In March 2018, President Donald Trump to adjust aluminum tariffs to 10 percent under Section 232 of the Trade Expansion Act of 1962. The president's decision followed an investigation into the national security implications of imported aluminum that was launched in .
While the Aluminum Association appreciates the president's attention to the domestic aluminum industry, across-the-board tariffs won't address the The domestic aluminum industry is growing – creating American jobs and committing or investing more than $2.6 billion since 2013 to expand U.S. manufacturing. But
China’s illegal subsidies to producers of both primary aluminum and semi-fabricated aluminum products have resulted in significant overcapacity in the market, hurting the plants and people of the U.S. industry. Chinese primary aluminum overcapacity continues to grow unabated, significantly distorting markets and encouraging illegal dumping. Excess capacity alone in China last year totaled 11 million metric tons of aluminum -- 40 percent of the rest of the world’s total production of 27.5 million metric tons.
“The president’s decision represents an opportunity to engage our critical trading partners on addressing persistent Chinese aluminum overcapacity,” Aluminum Association President & CEO Heidi Brock said in a following the tariff signing. “ .”
The Aluminum Association is the leading voice for the U.S. aluminum industry, representing aluminum firms across the value chain, from primary producers to value added aluminum processors to recyclers to suppliers to the industry. Since the Section 232 remedy was announced, the Aluminum Association has worked with members to share the views of the domestic industry.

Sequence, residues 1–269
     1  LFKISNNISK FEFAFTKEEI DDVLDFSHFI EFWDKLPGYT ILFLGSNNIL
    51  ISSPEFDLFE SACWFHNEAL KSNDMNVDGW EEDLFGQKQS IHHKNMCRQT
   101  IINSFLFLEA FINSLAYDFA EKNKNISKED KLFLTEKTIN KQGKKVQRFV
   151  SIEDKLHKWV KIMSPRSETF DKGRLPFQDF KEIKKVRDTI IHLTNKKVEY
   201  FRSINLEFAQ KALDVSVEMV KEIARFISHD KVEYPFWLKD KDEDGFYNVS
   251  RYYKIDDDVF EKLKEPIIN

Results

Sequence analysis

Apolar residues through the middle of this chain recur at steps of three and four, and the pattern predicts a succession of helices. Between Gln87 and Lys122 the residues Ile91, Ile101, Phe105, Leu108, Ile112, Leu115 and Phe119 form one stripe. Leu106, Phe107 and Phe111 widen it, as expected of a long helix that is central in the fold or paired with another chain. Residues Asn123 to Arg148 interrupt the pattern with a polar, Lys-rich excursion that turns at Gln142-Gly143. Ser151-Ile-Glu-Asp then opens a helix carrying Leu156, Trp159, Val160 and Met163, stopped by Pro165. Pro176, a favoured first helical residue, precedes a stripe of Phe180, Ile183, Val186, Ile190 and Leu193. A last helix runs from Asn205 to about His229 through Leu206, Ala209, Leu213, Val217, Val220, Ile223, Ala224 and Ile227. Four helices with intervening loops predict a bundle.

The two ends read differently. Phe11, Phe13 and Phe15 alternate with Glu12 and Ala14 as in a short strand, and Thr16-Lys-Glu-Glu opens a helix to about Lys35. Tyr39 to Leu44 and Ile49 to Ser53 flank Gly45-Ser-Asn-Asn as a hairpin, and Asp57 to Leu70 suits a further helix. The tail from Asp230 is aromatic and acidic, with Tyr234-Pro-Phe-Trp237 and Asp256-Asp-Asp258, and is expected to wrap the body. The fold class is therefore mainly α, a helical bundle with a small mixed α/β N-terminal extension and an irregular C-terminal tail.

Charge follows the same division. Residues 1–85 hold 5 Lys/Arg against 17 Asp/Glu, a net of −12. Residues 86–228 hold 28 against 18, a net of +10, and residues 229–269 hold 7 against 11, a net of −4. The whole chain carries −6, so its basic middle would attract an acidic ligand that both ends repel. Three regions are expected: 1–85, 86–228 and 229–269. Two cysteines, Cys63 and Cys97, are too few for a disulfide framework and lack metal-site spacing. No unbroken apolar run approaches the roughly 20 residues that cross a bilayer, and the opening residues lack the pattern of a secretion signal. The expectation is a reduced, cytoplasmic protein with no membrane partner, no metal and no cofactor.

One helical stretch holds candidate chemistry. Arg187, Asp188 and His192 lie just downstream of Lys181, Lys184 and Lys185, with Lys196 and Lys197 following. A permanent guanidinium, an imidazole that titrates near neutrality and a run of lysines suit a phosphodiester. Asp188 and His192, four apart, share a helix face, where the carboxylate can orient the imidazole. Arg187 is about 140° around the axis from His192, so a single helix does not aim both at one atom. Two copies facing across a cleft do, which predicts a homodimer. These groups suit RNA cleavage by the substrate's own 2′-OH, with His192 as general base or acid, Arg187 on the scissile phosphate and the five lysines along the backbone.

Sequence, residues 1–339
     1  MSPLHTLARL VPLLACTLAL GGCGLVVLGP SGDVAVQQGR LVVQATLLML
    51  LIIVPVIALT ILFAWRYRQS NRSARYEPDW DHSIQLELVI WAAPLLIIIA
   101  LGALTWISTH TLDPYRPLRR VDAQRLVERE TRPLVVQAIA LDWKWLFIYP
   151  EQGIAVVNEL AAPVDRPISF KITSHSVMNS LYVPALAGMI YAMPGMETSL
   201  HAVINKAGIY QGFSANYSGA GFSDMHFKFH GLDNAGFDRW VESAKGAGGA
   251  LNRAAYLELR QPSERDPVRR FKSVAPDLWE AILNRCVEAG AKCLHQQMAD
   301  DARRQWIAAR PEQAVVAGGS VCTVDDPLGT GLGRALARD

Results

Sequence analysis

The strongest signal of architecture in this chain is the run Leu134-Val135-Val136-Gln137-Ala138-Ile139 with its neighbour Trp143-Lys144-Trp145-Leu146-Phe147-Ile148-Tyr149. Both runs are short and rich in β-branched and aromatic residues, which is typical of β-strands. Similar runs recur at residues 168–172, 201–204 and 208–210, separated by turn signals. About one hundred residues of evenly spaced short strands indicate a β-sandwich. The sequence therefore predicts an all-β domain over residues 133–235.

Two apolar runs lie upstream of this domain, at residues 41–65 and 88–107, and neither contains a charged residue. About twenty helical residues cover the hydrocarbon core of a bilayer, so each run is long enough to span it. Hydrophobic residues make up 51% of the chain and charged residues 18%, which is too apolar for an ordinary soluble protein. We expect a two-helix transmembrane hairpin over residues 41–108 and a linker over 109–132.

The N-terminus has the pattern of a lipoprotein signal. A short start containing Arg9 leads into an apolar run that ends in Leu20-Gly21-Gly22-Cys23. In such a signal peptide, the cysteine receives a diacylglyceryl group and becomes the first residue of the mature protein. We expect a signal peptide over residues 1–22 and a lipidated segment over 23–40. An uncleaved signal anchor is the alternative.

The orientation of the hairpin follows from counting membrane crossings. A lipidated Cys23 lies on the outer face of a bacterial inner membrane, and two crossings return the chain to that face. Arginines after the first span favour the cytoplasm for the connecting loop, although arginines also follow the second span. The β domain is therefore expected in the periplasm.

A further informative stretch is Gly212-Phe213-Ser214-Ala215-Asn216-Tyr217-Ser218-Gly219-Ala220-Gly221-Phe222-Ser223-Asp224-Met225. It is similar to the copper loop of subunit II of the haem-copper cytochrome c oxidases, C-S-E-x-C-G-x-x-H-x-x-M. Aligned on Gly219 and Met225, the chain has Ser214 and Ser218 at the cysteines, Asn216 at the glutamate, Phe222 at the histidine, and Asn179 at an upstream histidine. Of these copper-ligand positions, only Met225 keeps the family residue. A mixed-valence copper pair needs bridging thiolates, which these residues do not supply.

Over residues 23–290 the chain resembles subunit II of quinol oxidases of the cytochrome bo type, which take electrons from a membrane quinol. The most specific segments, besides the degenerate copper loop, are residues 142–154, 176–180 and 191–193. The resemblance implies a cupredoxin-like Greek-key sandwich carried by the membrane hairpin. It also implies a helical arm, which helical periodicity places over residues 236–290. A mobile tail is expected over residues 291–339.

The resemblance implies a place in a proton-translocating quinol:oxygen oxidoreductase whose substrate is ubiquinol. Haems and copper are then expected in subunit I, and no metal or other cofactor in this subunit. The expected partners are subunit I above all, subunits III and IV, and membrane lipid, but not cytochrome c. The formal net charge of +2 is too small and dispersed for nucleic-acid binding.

In outreach to the administration and others, the Aluminum Association has called for:
Instead of across-the-board tariffs that could disrupt supply chains and undermine efforts to work with trading partners that share our concerns about China, the aluminum industry is proposing:
for all countries designated by the Commerce Department as market economies;
▪ The creation of an to ensure that no unfairly traded metal is entering the United States;
▪ Immediate to address the trade distorting practices that drive structural aluminum overcapacity.
In a recent , the association noted that that . Even if we brought every U.S. aluminum smelter back online tomorrow, we could not produce nearly enough primary aluminum domestically to satisfy growing demand. The U.S. produces less than 1 million metric tons of primary; our total capacity is less than 2 million metric tons; and we consume between 5 – 6 million metric tons. .
“Efforts to strengthen U.S. aluminum will only succeed if we all recognize the industry's global interdependence and maintain a laser-like focus on the real problem: structural overcapacity in China,” Brock wrote.
North America recorded its , up 45.1 percent since 2009. The estimated 27.2 billion pounds of aluminum shipped domestically last year was a record since tracking began in the 1960s. However, persistent and dramatic Chinese and hurting the entire domestic value chain. During a period of record demand, the domestic industry should be growing even more. We are missing a major opportunity to grow high-paying, advanced manufacturing jobs in the aluminum sector. .
The call to address Chinese overcapacity has grown following the president's tariff announcement and has transcended party lines. From more and more people are recognizing that
Visit o learn more about the Chinese overcapacity and the steps the Aluminum Association has taken and continues to take to address this consistent threat.